The spooks are spooked.

Not by anything that foreign enemies might do to America — but by what our CIA and its political overseers did to America.

By “America,” I mean the essence of our country: our ideals and the moral values we hold up as a beacon to the world. That beacon shines less brightly today because of one word: torture.

Even as President George W. Bush was insisting that “This government does not torture,” Bush himself was authorizing secret torture sites, the National Security Council was approving the CIA’s request to torture prisoners, and the Justice Department was crafting secret memos to rationalize that torture.

Torture Victim Protest

Shrieking Tree/Flickr

Now, the architects of those dark years are feeling haunted — not because of what they did and then lied about, but because they got caught.

The gruesome, nauseating details of their brutal torture of fellow human beings have just been documented in an in-depth investigative report by the Senate Intelligence Committee.

So spooked is the whole hierarchy by the shamefulness of this — and so intense is their culture of denial — that officials cannot bring themselves to say the word “torture.” John Brennan, the current CIA director, dodged the blunt truth of the word by saying, “I will leave to others how they might want to label those activities.”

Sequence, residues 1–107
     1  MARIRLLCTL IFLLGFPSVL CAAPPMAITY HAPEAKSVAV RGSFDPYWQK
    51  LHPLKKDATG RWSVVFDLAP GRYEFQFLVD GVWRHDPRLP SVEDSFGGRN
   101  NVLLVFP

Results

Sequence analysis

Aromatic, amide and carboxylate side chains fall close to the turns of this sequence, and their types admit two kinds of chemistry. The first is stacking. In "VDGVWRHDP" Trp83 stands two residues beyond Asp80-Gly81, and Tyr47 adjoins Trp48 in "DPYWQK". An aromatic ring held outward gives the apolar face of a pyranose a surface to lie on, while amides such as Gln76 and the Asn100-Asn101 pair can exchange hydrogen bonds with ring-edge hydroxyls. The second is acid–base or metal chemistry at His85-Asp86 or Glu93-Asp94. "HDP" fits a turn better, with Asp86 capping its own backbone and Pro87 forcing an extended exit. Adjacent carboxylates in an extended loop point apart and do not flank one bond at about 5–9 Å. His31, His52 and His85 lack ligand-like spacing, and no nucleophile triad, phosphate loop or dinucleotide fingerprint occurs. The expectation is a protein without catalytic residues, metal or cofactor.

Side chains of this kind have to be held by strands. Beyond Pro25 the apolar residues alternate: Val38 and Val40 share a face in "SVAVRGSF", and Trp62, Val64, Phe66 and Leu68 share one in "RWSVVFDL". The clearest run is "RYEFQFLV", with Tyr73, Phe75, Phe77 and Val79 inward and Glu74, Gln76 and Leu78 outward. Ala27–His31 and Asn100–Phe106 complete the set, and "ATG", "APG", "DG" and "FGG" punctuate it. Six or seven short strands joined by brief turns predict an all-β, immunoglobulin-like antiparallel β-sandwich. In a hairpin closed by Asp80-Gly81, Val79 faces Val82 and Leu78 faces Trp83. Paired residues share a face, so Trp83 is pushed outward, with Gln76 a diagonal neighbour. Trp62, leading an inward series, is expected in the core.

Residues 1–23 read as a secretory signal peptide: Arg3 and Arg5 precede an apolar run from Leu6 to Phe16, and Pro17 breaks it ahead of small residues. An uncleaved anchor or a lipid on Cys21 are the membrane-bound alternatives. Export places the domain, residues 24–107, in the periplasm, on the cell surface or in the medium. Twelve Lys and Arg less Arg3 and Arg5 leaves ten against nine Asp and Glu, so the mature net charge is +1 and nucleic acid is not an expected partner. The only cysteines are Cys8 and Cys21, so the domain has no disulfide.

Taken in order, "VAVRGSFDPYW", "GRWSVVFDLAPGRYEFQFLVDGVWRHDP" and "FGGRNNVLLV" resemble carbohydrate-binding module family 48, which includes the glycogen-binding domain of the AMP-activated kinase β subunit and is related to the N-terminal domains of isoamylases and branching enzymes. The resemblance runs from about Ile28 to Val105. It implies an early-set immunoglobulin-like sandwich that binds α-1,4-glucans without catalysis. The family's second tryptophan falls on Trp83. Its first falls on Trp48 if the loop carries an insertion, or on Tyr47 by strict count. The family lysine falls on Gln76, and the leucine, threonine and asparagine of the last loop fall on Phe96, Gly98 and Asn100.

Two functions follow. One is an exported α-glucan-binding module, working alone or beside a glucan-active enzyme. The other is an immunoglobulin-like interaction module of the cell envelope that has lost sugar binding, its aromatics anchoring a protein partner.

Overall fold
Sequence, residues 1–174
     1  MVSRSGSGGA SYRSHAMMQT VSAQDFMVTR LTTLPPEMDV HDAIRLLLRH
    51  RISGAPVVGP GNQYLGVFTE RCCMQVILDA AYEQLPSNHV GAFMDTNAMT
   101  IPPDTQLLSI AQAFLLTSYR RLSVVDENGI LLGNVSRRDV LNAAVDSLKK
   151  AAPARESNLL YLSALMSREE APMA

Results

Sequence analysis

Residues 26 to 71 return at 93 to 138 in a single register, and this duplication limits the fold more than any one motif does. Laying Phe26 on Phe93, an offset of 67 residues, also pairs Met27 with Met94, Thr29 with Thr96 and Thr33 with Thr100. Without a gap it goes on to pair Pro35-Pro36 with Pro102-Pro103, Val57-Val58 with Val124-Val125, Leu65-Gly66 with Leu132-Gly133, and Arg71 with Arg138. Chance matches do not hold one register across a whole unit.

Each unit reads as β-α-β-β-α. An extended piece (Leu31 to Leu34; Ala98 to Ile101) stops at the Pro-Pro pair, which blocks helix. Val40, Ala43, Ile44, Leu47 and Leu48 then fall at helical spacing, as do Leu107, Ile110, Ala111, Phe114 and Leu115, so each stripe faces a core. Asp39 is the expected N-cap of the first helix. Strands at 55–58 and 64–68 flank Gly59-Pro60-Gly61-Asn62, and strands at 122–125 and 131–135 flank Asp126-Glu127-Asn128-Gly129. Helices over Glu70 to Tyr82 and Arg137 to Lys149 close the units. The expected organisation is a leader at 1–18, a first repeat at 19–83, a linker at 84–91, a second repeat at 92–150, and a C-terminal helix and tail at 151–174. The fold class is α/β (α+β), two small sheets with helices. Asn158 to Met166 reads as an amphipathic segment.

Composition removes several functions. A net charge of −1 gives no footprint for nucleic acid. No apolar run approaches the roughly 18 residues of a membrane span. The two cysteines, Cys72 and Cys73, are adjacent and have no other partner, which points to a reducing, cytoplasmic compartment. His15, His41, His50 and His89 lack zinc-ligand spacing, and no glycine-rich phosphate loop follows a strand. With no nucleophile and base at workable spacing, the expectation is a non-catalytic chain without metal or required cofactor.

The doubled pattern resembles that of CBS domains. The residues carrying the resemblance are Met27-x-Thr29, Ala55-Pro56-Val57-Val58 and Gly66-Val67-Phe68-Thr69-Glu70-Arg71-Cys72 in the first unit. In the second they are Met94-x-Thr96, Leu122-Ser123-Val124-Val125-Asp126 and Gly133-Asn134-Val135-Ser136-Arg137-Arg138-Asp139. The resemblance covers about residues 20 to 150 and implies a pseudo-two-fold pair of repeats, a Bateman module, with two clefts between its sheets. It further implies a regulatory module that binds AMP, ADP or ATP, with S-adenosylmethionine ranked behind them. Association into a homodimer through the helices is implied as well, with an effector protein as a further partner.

Do they think they can paper over the depravity of torturing people by calling it an “activity”? That only heightens the shame of what the hierarchy did in America’s name. Brennan then tried to bury the horror by saying he hopes “we can put aside this debate and move forward.”

Toward what?

If today’s officials can’t call torture what it is — much less hold anyone accountable for these criminal and immoral acts — then future officials are free to do it again.

And you can bet they will.

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Jim Hightower

OtherWords columnist Jim Hightower is a radio commentator, writer, and public speaker. He’s also editor of the populist newsletter, The Hightower

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